Zero Hunger Lab

ENHANCE: a data platform on food supplies and 'desired' food patterns

Science Works 3 min. New Scientist

With the ENHANCE project, Saskia de Pee and Melissa Koenen aim to create a healthy diet for healthy people on a healthy planet. But what such a diet entails may vary by region.

Around the world, some 811 million people are going hungry. Fortunately, you notice little of this on the Tilburg University campus. AH-to-go and Starbucks shine right next to the building that houses the Zero Hunger Lab. There, on the sixth floor, people are working hard to find solutions to eliminate the hunger problem. With this idealistic goal in mind, PhD student Melissa Koenen delves into numbers and algorithms on a daily basis. She is working on the ENHANCE project, a unique collaboration between the Zero Hunger Lab, Capgemini, Johns Hopkins University in the United States of America, and the World Food Programme. Saskia de Pee is team lead systems analysis and science for food and nutrition, and heads the ENHANCE project.

ENHANCE focuses on ‘healthy diets for healthy people on a healthy planet’. Quite a few conditions in one sentence.

Saskia de Pee: “These days we talk about sustainable healthy diets, or foods that are healthy for people and the planet. This is indeed a huge challenge: food has to be healthy, produced safely, affordable, and in a form that people want to eat. In addition, the planet can’t suffer.”

Phooto: Melissa Koenen (left) en Saskia de Pee (right). Text continues below the photo.

Saskia en Melissa

The food situation is not the same in every country. Doesn’t that make this pursuit incredibly difficult?

De Pee: “There are even regional differences within countries! With ENHANCE, we aim to provide information that can be used to make informed decisions around food security at the national and sub-national levels. For each region, we first ask the question: what is most important here? Then we look at where we are now and how we can best achieve our goals. Ultimately, we want every country to arrive at the same end point.”

Can you give an example?

De Pee: “In the Netherlands, obesity is a problem. So, there should be healthier food, while unhealthy food should slowly disappear. In other countries, people are starving, not to mention that food has little nutritional value. There, food diversity must be increased, and poor people must have greater access to food. At the same time, in thirty years, you don’t want to have the same problems there that we have now. So, you have to consider the way the food is produced.”

And that’s where you come in.

De Pee: “We want to establish a data platform that informs and advises governments about food supplies and ‘desired’ diets, in particular. This platform contains data from four main areas: what is the cost, what is the nutritional value, how is the food produced, and what is the impact on the planet? So far, we have done analyses for Indonesia, Ethiopia, and Bangladesh; they provided a patchwork of information. Putting all the data together and comparing it is a hell of a job.”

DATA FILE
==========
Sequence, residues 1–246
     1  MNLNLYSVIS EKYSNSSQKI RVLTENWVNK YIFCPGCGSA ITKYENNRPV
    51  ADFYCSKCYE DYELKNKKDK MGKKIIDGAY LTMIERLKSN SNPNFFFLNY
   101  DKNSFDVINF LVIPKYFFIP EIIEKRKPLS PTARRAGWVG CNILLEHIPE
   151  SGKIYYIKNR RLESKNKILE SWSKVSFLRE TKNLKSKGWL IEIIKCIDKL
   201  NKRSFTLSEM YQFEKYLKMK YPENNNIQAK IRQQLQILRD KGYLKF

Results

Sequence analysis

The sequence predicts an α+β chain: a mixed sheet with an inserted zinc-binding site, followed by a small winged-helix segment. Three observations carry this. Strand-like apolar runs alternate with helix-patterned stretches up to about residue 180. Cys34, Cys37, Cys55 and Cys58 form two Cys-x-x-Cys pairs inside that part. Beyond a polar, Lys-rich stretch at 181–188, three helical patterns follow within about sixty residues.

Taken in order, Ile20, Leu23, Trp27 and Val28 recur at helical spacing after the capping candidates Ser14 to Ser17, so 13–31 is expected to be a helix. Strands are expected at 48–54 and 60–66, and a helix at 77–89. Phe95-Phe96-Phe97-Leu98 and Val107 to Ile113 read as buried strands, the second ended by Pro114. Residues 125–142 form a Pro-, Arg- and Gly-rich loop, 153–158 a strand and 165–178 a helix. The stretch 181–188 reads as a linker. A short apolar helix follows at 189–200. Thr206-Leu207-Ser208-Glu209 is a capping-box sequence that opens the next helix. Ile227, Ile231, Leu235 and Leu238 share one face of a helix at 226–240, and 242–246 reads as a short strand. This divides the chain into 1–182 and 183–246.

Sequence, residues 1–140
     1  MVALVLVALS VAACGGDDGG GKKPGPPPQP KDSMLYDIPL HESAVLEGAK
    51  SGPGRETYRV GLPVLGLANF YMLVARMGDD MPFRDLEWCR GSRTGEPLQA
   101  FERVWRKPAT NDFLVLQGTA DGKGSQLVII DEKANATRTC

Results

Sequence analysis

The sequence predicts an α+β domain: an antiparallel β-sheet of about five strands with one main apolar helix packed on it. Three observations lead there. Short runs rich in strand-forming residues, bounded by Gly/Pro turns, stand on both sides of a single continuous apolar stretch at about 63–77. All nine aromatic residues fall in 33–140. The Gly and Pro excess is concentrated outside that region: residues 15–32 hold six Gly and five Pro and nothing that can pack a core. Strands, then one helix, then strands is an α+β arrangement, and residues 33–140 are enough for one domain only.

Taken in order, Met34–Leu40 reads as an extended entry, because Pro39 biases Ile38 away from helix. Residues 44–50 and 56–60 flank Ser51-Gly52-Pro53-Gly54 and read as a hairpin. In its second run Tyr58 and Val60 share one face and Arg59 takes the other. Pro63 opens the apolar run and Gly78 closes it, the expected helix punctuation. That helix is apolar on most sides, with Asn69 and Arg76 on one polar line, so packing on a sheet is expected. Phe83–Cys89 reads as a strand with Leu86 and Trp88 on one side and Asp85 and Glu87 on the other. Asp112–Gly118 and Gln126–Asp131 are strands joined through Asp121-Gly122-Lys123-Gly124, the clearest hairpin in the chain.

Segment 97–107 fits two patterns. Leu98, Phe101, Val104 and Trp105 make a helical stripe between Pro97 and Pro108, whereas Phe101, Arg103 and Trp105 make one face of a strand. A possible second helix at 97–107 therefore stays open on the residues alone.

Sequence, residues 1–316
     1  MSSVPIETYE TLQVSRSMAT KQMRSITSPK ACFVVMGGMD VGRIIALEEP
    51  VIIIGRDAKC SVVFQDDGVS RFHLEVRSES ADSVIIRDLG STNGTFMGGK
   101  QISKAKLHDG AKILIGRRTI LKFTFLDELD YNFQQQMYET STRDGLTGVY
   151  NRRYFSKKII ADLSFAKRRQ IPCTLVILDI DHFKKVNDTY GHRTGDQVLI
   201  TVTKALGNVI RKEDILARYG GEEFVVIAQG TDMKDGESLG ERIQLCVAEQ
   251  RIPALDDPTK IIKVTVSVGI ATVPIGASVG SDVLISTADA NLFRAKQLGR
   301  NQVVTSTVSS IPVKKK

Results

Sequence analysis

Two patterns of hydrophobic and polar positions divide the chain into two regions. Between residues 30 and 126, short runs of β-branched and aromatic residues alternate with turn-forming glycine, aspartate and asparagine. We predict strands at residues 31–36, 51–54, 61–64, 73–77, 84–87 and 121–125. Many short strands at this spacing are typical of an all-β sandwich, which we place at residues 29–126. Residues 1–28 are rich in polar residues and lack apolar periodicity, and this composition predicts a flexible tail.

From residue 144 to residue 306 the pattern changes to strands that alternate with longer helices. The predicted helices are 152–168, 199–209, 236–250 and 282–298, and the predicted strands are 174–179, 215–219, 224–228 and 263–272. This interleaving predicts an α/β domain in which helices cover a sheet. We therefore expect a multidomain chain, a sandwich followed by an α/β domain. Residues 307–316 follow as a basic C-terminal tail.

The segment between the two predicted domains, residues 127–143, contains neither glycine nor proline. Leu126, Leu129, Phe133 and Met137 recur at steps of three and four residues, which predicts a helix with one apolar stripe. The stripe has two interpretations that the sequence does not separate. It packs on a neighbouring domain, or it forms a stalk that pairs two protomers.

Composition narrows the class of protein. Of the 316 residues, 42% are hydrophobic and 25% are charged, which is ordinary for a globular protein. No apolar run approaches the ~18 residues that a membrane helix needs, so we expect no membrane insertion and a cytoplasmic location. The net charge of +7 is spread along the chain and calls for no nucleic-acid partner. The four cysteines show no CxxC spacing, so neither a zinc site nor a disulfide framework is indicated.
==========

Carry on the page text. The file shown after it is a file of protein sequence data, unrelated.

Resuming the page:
Melissa Koenen: “You really need an optimization model that takes all the input and makes assessments. As a human being, you are able to come up with a food choice that meets certain nutritional requirements, but that’s where it ends. You won’t find the best diet achievable. The model takes into account an enormous number of aspects, which often conflict: nutritional values, cultural preferences, costs, greenhouse gas emissions... You enter all that data, and our computer program turns it into a mathematical model.”

Melissa Koenen

If you know that vitamin D is never a problem in a country, it doesn’t necessarily have to be part of the diet

Melissa Koenen

And then a ready-made diet comes rolling out?

Koenen: “This is indeed how you find the cheapest combination of foods that meets all the conditions entered. But the goal is not necessarily a diet that you recommend to people. It’s more of an insight that tells people: this is really the bare minimum. Ideally, the model offers multiple options.”

De Pee: “The final decision is up to the government. We mainly want to provide insight so that people know what the latitude is and what the impact is of one thing or another. You can also see how other countries are doing. For example, greenhouse emissions are lower for the same food item. Why is that? How is that foodstuff produced there? And can we perhaps use those production methods here as well? That way, you can better understand where you can make a difference with what you have.”

What are the goals for the future?

De Pee: “By mid-2022, we want to have a version that will allow us, at the very least, to do the makeshift analysis we’ve done for Indonesia, Ethiopia, and Bangladesh more easily for other countries. We are also working on optimizations of the model. In that respect, we have a long wish list.”

And what’s on your list?

De Pee laughs: “Well, we want to better define certain nutritional values. Now, in addition to proteins and fats, we have nine vitamins and four minerals in the model. But proteins are made up of amino acids and fats are made up of fatty acids. There are also maximum and minimum values for how many vitamins and minerals you should be getting.”

Koenen: “It would be nice to put all these specifications into the optimization model, which you can then turn on and off by area. For example, if you know that vitamin D is never a problem in a country, it doesn’t necessarily have to be part of the diet. Not to mention climate effects, impact on land use, biodiversity, and the like. But it’s an incredibly fun project. When you talk about it, it automatically makes you happy.

Text: Eline Kraaijenvanger
Photo: Bram Belloni